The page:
In contrast to the earlier, tentative airiness of the graphite lines, current paintings in the Minus Space exhibition play at full throttle, weaving black or carmine gestural forms into heavily worked white surfaces. They appear to be figures on grounds, but are they? The “background” textures are as malleable and charged as those of the color-saturated lines and shapes. No wonder she calls these works “uncertain geometries”... When Brant layers white over some painted lines, the underlying colors simmer with occult force. While the earlier works had reversed the figure-ground relation, now form and negative space are in constant, fluid interchange. Brant reveals the insistent quality of all matter -- solid (shapes), liquid (paint), or gas (“backgrounds”). And now, when she obscures lines that limn a horizontal edge (don’t miss the painting in the office), the half-buried borders indicate hidden layers of deepened space.* I think of Susan Hefuna’s layered grids, Terri Rolland’s wicket shapes, and the expert freedom of Katherine Bradford’s brushwork.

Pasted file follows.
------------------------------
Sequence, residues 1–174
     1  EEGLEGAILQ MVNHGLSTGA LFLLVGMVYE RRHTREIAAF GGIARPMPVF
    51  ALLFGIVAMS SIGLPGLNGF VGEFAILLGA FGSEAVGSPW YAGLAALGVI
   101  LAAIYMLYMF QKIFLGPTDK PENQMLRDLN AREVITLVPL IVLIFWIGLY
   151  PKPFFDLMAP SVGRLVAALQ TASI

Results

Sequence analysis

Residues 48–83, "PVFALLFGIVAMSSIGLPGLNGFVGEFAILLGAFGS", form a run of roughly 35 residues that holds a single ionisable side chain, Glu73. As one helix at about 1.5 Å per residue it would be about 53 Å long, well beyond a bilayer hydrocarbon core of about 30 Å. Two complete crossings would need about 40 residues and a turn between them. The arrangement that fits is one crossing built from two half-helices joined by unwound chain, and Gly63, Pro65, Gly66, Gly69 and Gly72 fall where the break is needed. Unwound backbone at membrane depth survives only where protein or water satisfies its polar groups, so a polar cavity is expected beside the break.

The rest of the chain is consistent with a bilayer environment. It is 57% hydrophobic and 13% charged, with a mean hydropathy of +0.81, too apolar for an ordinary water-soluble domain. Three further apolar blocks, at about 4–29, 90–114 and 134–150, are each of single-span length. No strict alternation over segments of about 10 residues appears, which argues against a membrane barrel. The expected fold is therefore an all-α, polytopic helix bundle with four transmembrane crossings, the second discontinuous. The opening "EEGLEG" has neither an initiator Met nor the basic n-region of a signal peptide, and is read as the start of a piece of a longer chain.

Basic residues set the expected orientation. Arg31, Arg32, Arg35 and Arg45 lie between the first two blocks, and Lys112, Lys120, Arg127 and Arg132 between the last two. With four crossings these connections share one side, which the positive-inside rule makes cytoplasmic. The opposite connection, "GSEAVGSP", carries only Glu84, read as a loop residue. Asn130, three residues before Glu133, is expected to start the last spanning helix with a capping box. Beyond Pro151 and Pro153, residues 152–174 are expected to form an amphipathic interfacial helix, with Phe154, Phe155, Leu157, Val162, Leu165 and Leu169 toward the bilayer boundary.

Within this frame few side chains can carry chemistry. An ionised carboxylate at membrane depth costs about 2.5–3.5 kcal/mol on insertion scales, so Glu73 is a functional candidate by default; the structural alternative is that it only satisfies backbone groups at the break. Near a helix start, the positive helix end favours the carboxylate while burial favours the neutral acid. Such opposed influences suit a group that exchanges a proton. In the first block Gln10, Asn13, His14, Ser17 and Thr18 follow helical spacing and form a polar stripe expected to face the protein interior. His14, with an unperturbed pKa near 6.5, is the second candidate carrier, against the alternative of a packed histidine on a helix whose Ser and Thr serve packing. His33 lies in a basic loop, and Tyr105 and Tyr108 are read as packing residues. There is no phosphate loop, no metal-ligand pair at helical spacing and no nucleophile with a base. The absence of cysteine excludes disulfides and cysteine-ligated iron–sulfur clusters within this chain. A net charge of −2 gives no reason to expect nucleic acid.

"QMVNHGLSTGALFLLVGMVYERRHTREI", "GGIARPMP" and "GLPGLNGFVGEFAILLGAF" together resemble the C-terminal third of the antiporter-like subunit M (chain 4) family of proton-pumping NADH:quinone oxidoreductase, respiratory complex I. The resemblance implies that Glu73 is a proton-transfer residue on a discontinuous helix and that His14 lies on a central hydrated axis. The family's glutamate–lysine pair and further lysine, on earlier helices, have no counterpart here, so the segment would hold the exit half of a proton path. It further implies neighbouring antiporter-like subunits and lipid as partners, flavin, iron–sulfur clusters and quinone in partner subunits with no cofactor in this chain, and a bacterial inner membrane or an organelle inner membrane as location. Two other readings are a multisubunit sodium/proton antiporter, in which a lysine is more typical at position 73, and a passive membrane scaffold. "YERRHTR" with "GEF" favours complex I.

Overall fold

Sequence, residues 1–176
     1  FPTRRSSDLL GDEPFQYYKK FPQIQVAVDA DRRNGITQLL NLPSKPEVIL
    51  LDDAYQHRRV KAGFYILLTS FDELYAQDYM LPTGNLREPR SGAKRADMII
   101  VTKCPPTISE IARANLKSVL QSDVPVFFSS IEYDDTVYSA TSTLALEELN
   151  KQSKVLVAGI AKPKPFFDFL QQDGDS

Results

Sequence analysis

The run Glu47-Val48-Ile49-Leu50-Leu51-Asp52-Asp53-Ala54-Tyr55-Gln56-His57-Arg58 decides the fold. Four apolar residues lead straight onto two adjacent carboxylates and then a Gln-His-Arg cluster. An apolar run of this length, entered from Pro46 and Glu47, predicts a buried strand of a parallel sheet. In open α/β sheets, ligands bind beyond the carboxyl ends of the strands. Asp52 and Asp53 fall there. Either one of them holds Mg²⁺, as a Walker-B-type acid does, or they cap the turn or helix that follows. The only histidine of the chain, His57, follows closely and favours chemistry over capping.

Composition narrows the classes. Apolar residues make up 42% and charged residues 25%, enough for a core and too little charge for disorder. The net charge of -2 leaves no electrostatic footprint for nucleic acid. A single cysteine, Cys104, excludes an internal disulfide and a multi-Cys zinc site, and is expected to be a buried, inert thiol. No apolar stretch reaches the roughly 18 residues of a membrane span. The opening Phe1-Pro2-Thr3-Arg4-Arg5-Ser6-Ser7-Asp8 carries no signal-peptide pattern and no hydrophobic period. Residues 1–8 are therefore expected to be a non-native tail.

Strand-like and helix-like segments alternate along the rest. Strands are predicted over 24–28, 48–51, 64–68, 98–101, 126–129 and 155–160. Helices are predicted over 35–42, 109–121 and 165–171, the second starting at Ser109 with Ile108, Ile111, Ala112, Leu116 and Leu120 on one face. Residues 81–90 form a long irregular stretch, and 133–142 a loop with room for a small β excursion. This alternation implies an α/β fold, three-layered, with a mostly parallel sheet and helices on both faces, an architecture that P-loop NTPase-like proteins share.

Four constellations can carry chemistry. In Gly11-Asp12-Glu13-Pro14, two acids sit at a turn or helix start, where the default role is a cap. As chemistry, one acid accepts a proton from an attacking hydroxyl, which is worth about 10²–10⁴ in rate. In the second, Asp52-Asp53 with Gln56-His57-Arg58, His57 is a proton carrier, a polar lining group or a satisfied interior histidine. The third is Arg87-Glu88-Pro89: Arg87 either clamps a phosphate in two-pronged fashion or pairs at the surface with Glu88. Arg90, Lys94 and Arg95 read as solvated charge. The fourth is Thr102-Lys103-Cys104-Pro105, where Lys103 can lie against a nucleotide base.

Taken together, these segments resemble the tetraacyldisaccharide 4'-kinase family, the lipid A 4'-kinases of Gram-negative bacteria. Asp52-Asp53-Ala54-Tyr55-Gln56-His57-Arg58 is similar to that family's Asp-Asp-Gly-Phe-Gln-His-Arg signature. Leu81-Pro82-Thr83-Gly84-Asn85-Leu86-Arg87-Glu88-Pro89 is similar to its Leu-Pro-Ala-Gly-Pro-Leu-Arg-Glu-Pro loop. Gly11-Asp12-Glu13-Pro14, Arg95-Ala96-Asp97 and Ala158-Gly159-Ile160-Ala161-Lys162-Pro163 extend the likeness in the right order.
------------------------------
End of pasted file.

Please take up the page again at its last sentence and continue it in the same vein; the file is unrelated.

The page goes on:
Coincidentally (?), all the artists I immediately imagined as Brant’s reference points are women. From 1989 until 1996, when she was in her 40s, Brant was a member of the A.I.R. Gallery, created by and for women artists. If Brant's strong, sensitive technique is dubbed feminist / female, is the work constrained or enriched? In any case, now that the New York Times is trending seasoned and laudable women artists, Brant too deserves more recognition.
– Karen Schiff

* The hints of color that sometimes line the outer edges of Brant’s canvases are echoed in Michael Brennan’s oil paintings of ghostly effects on the opposite wall. And while these bodies of work support each other, John Zinsser’s large red square gives the room a center of gravity. (At Tanja Grunert, Brant’s paintings are also presented with other artists’ works, but there the space is organized so that each has a separate exhibition.)